As Roland Barthes mentions rather dramatically in his “Death of the Author,” there is nothing wholly original in our art and literature anymore–our work is, more often than not, an amalgamation of that which we have previously digested; ground up and pieced together in a new artifact. The cult hit NBC show Community is proof of that, in the extreme. Each episode refers to previous films and TV shows and as the seasons progress it gets increasingly more self-referential, making fun of public opinions that call out writing, acting, and story quirks (or flaws, depending on how much of a fan you are). By season 3, the show had spiraled so far inward that the linear structure completely decomposed. See, Season 2, Episode 21, “Paradigms of Human Memory.”

Rather than marking the end of literature, as Barthes bemoans, I think the Internet opens up possibilities for further creativity. Our stories are not limited to one author and one text, but are now extended to include the event’s entire evolution across all consumers’ experience over time. It includes not just the singular story event, but also it’s audience reception, later references and adaptions, and consumer reappropriation. The Internet animates a single text into a living creature with infinite growth potential.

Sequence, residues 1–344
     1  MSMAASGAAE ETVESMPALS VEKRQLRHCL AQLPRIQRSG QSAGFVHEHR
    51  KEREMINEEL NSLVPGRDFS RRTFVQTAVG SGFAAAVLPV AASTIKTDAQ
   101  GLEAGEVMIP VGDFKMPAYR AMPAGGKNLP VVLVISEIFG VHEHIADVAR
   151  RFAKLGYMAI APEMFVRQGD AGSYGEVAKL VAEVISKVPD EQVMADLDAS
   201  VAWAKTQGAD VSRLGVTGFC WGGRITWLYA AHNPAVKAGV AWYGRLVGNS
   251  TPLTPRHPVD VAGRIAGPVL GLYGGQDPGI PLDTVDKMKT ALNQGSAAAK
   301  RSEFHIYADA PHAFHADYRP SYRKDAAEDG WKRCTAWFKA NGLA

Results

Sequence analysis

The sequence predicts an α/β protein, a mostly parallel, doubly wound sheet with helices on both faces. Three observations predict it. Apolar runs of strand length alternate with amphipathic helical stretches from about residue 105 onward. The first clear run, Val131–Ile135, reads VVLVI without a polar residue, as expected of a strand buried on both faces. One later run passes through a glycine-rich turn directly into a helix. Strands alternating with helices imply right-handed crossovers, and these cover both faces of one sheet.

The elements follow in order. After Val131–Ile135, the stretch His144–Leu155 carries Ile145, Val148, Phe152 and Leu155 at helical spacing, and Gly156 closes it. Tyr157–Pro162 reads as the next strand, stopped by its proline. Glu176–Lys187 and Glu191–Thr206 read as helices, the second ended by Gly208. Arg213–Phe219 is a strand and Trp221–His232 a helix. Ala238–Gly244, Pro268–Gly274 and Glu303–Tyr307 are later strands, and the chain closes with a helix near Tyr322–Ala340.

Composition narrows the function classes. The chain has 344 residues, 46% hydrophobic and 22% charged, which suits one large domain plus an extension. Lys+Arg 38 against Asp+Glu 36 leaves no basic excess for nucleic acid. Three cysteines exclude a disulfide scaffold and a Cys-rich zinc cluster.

New Media Project Proposal

In the three months of studying philosophy of the mind I’ve noticed a trend in philosophers towards seemingly aimless pondering. The point of philosophical studies, apparently, is not to arrive at a practical conclusion or argue your point’s significance in society, but to explore all possible or conceivable (I use the term very broadly) worlds in order to question current concepts of mind and consciousness and posit new ideas. Not new ideas for others to adopt and use in a pragmatic manner to address current issues, just to…talk…and wonder about life. New ideas extrapolated from old ideas, or in opposition to old ideas, for the sole purpose of inspiring new models on the same topic.

With the exception of Jean-Paul Sartre’s treatises on free will and existentialism, I found very little use for the ideas being discussed. Maybe I just don’t have the sensibilities needed to be a philosopher, and that’s okay. And maybe current philosophers don’t find it necessary for their discussions to be expanded into other discourse communities. Philosophers may be completely content to kick around ideas for the sake of mental exercise.